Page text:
Trump's pardons open Pandora's box

Trump's pardons open Pandora's box
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With the stroke of a pen, a tweet and against the advice of his most senior military leaders, President TrumpDonald John TrumpTrumps light 97th annual National Christmas Tree Trump to hold campaign rally in Michigan 'Don't mess with Mama': Pelosi's daughter tweets support following press conference comments MORE has announced to the world that the United States Armed Forces would no longer hold its members accountable for the crimes they commit on the battlefield. His pardon of three accused or convicted U.S. war criminals continues a trend that began in May with his pardon of 1st Lt. Michael Behenna. The risk of the president’s penchant for pardoning war criminals is that the world’s most disciplined and professional fighting force may soon be widely seen as an armed mob.

These are strong words. Some may believe they overstate the case and disregard the overwhelming majority of men and women in uniform who continue to serve our nation honorably. Regrettably, in the wake of the wave of this president’s war crimes clemency actions, strong words are necessary to reverse our nation’s steady march toward the total dismantling of the laws of war. The question is whether this president will listen. 

Mr. President, if you are listening, we need to tell you what’s inside the Pandora’s box you’re opening. We need to warn you about the risks you are exposing all our service members to in the name of shielding some of them from accountability under the Uniform Code of Military Justice.

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By pardoning accused and convicted war criminals, the president is sending a message that this nation will allow unconscionable crimes of war to go unpunished. His tweet rejecting the SEAL commander’s efforts to expel one of these criminals from his community was an additional slap in the face of a military trying to uphold its standards. The resulting perception that war criminals can continue to wear our nation’s uniform, including the respected SEAL Trident, threatens to undermine military discipline, recruitment, retention and morale. It corrodes the very values that those who wear the uniform commit to uphold, and sacrifices the “good order and discipline” of our entire armed forces, for the sake of “showing mercy” to war criminals who showed no mercy to civilians or to enemy fighters no longer able to fight.

The pardons also have significant potential international implications. Indiscriminate violence has never been part of the American way of war. The idea that legal and moral constraints exist in warfare predates the United States. Those constraints exist today in the form of international laws of war like the Geneva Conventions, which not only prescribe battlefield behavior but demand accountability for those who misbehave.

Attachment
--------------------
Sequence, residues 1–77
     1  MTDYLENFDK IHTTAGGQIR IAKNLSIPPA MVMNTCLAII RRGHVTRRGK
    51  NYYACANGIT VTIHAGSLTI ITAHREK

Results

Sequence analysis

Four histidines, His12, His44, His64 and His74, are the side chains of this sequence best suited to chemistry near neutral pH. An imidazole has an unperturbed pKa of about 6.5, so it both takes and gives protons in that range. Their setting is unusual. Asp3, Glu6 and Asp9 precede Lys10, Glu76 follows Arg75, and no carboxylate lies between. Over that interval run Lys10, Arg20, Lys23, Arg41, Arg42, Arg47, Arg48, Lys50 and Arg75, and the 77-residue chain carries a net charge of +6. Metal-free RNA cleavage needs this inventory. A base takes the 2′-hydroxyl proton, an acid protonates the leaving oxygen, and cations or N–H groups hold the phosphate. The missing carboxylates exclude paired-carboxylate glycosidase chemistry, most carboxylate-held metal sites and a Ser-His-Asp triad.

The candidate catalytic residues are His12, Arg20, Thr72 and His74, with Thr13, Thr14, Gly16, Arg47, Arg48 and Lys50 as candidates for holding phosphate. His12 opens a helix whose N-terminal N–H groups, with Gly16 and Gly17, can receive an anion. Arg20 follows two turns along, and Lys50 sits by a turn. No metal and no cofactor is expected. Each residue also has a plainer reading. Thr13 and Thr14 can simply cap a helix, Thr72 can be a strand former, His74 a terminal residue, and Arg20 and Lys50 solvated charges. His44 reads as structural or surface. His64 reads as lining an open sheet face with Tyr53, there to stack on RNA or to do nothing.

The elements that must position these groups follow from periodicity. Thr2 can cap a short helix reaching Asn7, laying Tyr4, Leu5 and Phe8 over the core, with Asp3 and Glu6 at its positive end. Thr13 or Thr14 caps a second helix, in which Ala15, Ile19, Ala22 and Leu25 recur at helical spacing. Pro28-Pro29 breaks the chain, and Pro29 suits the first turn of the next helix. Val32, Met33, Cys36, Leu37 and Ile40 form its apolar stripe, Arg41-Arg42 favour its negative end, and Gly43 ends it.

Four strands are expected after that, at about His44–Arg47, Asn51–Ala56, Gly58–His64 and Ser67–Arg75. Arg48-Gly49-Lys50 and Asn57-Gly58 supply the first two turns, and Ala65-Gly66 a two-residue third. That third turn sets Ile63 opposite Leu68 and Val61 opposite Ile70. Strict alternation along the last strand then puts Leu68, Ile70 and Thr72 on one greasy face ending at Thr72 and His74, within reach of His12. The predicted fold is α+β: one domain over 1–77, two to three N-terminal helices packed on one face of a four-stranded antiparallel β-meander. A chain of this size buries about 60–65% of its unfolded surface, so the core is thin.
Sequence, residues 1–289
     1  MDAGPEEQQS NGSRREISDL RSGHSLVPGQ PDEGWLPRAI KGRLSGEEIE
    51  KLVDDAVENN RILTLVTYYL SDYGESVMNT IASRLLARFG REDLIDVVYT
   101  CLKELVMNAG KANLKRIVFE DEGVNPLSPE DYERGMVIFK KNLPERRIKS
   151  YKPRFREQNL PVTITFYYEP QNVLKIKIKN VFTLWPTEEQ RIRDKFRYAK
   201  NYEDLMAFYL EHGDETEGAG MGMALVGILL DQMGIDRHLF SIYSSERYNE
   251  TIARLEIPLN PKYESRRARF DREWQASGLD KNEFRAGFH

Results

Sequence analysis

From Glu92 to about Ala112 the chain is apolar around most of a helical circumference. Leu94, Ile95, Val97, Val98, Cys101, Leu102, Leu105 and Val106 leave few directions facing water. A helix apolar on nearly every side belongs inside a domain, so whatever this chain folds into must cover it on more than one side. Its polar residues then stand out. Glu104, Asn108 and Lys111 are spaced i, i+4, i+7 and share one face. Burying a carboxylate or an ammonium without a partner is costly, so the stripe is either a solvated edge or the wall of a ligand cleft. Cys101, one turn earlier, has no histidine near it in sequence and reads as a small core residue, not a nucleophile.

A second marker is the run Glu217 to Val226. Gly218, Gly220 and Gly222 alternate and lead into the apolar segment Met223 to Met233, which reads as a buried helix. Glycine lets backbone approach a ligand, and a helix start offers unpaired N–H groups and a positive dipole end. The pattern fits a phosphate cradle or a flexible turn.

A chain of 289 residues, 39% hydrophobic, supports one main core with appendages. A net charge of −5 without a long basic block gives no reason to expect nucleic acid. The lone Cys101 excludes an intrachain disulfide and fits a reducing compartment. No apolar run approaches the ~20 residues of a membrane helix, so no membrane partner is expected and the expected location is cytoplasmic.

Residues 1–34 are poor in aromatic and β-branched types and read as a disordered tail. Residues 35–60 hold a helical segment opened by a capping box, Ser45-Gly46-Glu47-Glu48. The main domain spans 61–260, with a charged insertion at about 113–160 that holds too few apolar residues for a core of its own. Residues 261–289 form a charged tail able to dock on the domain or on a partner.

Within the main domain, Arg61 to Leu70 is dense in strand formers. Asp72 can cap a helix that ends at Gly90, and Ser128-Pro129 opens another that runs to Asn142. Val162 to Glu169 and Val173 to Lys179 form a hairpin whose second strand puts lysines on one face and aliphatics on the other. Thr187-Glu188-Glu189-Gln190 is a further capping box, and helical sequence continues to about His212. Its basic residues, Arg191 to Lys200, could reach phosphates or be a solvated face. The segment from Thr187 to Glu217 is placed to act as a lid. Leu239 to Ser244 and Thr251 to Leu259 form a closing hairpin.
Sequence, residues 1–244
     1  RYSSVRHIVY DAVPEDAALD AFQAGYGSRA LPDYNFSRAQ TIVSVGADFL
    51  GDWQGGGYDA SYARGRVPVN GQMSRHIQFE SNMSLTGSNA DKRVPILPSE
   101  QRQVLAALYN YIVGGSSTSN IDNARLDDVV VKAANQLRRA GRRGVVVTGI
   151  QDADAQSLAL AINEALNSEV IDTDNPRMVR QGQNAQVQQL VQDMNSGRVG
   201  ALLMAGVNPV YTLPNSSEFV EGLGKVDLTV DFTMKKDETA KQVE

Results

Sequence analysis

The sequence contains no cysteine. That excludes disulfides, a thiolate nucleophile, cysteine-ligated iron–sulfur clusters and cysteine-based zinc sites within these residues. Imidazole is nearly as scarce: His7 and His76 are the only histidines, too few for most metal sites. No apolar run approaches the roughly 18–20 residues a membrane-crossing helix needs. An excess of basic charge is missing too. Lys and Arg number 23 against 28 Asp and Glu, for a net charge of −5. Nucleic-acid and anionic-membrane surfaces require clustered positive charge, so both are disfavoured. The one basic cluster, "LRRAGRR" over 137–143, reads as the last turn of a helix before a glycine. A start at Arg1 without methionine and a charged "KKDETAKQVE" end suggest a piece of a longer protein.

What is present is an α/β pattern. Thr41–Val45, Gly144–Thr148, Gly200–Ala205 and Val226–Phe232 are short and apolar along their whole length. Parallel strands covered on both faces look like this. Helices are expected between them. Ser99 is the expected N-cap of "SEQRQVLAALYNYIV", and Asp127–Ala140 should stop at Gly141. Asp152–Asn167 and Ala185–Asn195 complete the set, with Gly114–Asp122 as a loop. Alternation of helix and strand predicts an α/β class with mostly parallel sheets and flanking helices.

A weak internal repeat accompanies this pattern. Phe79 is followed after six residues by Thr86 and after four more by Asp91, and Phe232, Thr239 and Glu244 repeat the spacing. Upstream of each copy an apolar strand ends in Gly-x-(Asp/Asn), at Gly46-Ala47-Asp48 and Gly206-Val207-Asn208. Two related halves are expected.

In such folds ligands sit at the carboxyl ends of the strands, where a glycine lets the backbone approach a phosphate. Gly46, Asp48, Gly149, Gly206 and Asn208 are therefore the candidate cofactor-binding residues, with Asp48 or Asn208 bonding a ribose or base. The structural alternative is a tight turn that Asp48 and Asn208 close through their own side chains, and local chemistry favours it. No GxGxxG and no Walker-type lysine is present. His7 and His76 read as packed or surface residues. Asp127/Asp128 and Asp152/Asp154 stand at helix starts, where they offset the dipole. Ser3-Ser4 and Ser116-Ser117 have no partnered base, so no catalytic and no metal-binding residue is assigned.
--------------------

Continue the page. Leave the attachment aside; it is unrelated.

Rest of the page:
Since the Nuremberg Charter, which established the International Military Tribunal following World War II, war crimes are crimes of “universal jurisdiction.” This means that any nation that captures a war criminal may prosecute him or her. We have long argued that because we maintain our own robust system of accountability — the UCMJ — we need not subject our forces to foreign prosecution. We can take care of our own war criminals ourselves. After these pardons, can we still say that?

Beyond the domestic and international legal implications of this decision, a concept called “reciprocity” threatens the safety of our troops in future military operations abroad. We consistently argue that our enemies should behave the way we do. We protect prisoners of war; so should they. We protect non-combatants; so should they. These are the principles that provide hope that our enemies will follow the Geneva Conventions and that American POWs and non-combatants will be safe. Are we now saying our enemies don’t have to protect them?

Finally, at the strategic level, war crimes are strategic defeats. Remember Abu Ghraib, where U.S. military personnel abused prisoners in their custody? Gen. Stanley McChrystal, who has stressed that modern warfare requires “courageous restraint” and imposes responsibility on soldiers to know when and where to act, said that the “pictures [from] Abu Ghraib represented a setback for America’s efforts in Iraq. Simultaneously undermining US domestic confidence in the way in which America was operating, and creating or reinforcing negative perceptions worldwide of American values, it fueled violence.”

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Mr. President, it is highly unlikely that we will ever fight a war alone. The willingness of other nations to join us in a future fight depends on the confidence they have in the professionalism and discipline of our forces. Unfortunately, given these recent pardons, we are concerned that the lines separating lawful and unlawful battlefield conduct have now blurred. That would be the most dangerous consequence of all.

For the sake of our nation, we sincerely hope such pardons end here and that our civilian and military leaders will work hard to reverse the damage they have inflicted. 

Ambassador Dennis C. Jett (retired), Maj. Gen. Steven J. Lepper USAF (retired), and Vice Adm. Kevin P. Green USN (retired) are members of the American College of National Security Leaders, a nonpartisan organization committed to strengthening the United States’s national security initiatives.